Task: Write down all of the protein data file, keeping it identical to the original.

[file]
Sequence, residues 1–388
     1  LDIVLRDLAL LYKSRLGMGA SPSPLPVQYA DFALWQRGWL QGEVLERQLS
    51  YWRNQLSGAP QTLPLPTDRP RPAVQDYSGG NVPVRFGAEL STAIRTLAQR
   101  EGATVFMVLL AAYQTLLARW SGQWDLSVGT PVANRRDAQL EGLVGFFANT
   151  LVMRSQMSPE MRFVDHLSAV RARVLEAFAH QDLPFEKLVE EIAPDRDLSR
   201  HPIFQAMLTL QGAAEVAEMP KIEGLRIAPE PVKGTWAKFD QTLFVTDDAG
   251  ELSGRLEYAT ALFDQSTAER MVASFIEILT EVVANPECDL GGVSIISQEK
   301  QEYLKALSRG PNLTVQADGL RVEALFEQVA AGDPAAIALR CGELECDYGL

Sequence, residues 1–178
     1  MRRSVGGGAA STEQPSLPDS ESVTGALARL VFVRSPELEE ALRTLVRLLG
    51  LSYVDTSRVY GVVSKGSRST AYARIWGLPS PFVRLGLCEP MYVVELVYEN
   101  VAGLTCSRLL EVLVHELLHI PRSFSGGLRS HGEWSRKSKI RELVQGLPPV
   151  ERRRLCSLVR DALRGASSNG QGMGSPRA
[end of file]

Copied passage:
Sequence, residues 1–388
     1  LDIVLRDLAL LYKSRLGMGA SPSPLPVQYA DFALWQRGWL QGEVLERQLS
    51  YWRNQLSGAP QTLPLPTDRP RPAVQDYSGG NVPVRFGAEL STAIRTLAQR
   101  EGATVFMVLL AAYQTLLARW SGQWDLSVGT PVANRRDAQL EGLVGFFANT
   151  LVMRSQMSPE MRFVDHLSAV RARVLEAFAH QDLPFEKLVE EIAPDRDLSR
   201  HPIFQAMLTL QGAAEVAEMP KIEGLRIAPE PVKGTWAKFD QTLFVTDDAG
   251  ELSGRLEYAT ALFDQSTAER MVASFIEILT EVVANPECDL GGVSIISQEK
   301  QEYLKALSRG PNLTVQADGL RVEALFEQVA AGDPAAIALR CGELECDYGL

Sequence, residues 1–178
     1  MRRSVGGGAA STEQPSLPDS ESVTGALARL VFVRSPELEE ALRTLVRLLG
    51  LSYVDTSRVY GVVSKGSRST AYARIWGLPS PFVRLGLCEP MYVVELVYEN
   101  VAGLTCSRLL EVLVHELLHI PRSFSGGLRS HGEWSRKSKI RELVQGLPPV
   151  ERRRLCSLVR DALRGASSNG QGMGSPRA